As The Personal History of David Copperfield gets underway, the audience knows it is in for a frenetic, unique whirlwind adaptation of one of Charles Dickens’ most beloved novels. From the imagination of Oscar nominee Armando Iannucci, comes this delightfully charming tale starring Dev Patel and featuring hilarity with Tilda Swinton, Hugh Laurie and Ben Wishaw.
Born six months after his father’s death, Copperfield (Patel) is lucky to be raised by a loving mother. But, when Mum weds a wolf in sheep’s clothing (Edward Murdstone), David is shipped off to a capsized boat of full of the family housekeepers relatives. It is these unusual housing arrangements that prove to be only the first of numerous temporary abodes, including an oppressive boarding school and home of his eccentric aunt Betsey Trotwood (Swinton). Wherever David goes, whether living in poverty or comfort, he writes pithy impressions of all those he encounters — impressions that will one day constitute his autobiography.
Tilda Swinton is pure comedy, which is a refreshing character twist from her usually angst driven dramatic roles and is utterly entertaining. Her presence is onlyenhanced by the real MVP of this Charles Dickens classic – Hugh Laurie (Mr. Dick). Another actor known mostly for dramatic turns, Laurie proves that his comedic timing needs an even larger audience. Ben Wishaw’s (Uriah Heep) characterization of hired help longing to become elite is brilliant. His evolution of a needy, self-deprecating butler to a scum sucking accountant is the stuff villains are made of. Yet, it is Dev Patel (David Copperfield) who emerges victorious. Patel is taking stereotypes and shattering them within an inch of their life simply taking on roles where he is human regardless of the color of his skin. I would be remiss without mentioning these amazing supporting actors, for it is along with their contribution that this all goes off without a hitch – Benedict Wong (Mr. Wickfield), Rosalind Eleazar (Agnes), Peter Cabaldi (Mr. Wicawber), Nicki Asuka-Bird (Mrs. Steerforth) and Daisy May Cooper (Mrs Peggotty).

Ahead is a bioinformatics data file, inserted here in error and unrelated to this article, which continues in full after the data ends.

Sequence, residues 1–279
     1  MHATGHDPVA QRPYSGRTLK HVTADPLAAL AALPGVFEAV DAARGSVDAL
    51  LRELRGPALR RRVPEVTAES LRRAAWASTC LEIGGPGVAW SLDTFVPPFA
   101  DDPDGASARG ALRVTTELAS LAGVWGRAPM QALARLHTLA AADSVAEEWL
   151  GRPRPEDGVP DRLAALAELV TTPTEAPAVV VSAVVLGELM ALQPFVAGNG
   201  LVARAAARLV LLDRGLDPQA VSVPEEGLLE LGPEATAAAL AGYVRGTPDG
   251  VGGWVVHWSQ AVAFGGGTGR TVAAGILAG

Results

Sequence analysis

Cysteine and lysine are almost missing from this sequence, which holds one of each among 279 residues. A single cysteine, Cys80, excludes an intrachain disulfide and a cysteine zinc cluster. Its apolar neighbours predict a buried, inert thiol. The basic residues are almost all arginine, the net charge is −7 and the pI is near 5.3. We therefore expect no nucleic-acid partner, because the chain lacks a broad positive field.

Kudos to Armando Iannucci and Simon Blackwell for updating a classic with a multi-cultual cast and adding such genius quitps in the screenwriting “pot calling the kettle black” among many that literally had me laughing out loud. Produced by Searchlight Pictures, fans of Charles Dickens will be more than satisfied with The Personal History of David Copperfield and those going in unfamiliar will be pleasantly surprised and entertained.